Skip to main content

Rough Green Snake

Opheodrys aestivus
The Rough Green Snake is a very slender reptile that can be found  near forested areas in the Southeastern United States. They are diurnal and arboreal, and their entire bodies are a light green, which helps them to hide among the vegetation.

Breeding typically takes place during the spring, and males leave the female immediately after copulation. She will lay only about a dozen eggs, but it takes between 5 and 12 weeks to hatch. Interestingly, the gestation time is based on the temperature outside. After the eggs hatch the females have nothing more to do with their offspring.

Rough Green Snakes are primarily insectivores, though they will also eat small vertebrates as well. They are neither venomous nor are they constrictors. They hunt using their exceptional vision, and by striking at their prey with quick speed.

Rough Green Snakes are common throughout their range, and are not currently threatened.

IUCN Status : Least Concern
Location : Southeastern United States
Size : Length up to 3ft (90cm)
Classification : Phylum : Chordata -- Class : Reptilia -- Order : Squamata
Family : Colubridae -- Genus : Opheodrys -- Species : O. aestivus

Comments

Popular posts from this blog

Bornean Orangutan

The Bornean Orangutan is one of two extant Orangutan species in the world. It is the third largest primate (after Gorillas) and is the largest primarily tree-dwelling animal in the world. Males are substantially larger than females, and average at around 165lbs. Bornean Orangutans are largely solitary. A handful might live within a small range but they will seldom interact with one another. Males and females only meet up to breed, which happens only once every several years. A young Orangutan will stay with it's mother for about five years, and the females tend to go about eight years between births. That is the longest interim period of any animal! Sadly, the Bornean Orangutans are in a lot of trouble. They need large forests in order to thrive, and deforestation and habitat degradation has left many homeless. They are also hunted for meat and for traditional medicines. Conservation areas are being established to help these guys in the wild, and it is believed that there are a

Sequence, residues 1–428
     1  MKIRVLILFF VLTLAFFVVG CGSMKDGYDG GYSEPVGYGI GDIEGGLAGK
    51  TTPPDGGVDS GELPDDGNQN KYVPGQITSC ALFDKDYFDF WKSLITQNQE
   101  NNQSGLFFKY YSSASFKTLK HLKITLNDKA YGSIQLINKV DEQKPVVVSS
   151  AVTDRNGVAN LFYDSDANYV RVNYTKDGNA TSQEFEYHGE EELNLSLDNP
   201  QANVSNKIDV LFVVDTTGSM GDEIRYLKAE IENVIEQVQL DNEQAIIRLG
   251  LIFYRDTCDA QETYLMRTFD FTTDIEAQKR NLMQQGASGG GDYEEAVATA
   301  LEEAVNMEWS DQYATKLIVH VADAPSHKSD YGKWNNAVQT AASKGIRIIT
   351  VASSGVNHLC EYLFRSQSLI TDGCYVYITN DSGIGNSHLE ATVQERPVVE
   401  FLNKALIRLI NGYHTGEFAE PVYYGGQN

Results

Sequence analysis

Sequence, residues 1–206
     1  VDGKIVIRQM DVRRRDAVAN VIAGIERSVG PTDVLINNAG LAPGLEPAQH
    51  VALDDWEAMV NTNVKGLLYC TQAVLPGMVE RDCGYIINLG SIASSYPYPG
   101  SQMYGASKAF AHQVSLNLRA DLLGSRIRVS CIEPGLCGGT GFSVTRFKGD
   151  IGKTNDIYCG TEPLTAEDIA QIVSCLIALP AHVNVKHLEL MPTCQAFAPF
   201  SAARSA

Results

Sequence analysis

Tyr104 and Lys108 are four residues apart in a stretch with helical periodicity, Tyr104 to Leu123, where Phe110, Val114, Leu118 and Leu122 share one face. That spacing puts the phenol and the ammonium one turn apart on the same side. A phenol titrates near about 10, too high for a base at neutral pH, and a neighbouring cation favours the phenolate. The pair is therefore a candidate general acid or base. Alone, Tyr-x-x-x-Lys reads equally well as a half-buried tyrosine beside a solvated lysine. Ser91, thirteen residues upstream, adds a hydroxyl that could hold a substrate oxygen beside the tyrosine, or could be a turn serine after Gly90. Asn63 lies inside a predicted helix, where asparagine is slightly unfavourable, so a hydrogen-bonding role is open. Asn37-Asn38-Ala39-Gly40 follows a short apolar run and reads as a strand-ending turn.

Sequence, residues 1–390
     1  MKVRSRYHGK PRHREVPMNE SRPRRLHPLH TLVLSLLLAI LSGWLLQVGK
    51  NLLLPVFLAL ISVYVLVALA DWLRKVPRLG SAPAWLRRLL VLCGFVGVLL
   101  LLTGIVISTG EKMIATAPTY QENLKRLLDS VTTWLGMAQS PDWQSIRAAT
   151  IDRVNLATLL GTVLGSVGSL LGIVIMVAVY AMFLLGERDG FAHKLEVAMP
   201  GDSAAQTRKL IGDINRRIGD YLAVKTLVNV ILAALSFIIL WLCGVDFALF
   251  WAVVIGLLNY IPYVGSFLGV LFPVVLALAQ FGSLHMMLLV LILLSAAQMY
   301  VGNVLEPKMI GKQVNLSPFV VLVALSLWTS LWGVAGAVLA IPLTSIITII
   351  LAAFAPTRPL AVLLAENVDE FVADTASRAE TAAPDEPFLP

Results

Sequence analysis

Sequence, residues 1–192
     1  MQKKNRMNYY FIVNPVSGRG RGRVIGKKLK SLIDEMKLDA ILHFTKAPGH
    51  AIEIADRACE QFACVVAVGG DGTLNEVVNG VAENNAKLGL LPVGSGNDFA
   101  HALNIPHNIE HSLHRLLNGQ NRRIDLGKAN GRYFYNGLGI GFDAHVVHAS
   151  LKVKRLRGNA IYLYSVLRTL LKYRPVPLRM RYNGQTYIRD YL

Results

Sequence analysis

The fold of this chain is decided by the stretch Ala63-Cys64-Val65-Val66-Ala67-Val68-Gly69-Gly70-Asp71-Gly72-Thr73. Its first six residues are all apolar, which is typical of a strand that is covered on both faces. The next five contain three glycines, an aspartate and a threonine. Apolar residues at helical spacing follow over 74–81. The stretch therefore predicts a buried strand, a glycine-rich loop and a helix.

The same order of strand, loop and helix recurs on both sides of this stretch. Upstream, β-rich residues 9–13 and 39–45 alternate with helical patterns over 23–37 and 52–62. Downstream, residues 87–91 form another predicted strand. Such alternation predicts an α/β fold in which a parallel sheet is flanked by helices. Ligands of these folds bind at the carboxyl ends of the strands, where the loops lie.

Four!

For anyone who was counting, yesterday was our birthday-- four years! Four years filled with animals from A to Z, more than 1,100 of them! I can't thank my readers enough, it's been wonderful! And in celebration of that milestone... I'm taking a break. Hopefully not forever, but for a little bit at least. In the mean time I plan on getting a new layout out, along with some updates to some of the older articles. I'll post updates here and on the Facebook page, I'm also brainstorming some new animal-related projects, so keep an eye out! Thanks again for four awesome years!

10 Years?!

My goodness! It's been 6 years since I went on hiatus, and now more than 10 years since AaD was born, and what a world we've moved in to! Animal a Day is coming back- but in the meantime, check us out on Facebook, for your daily dose of #BIRDNEWS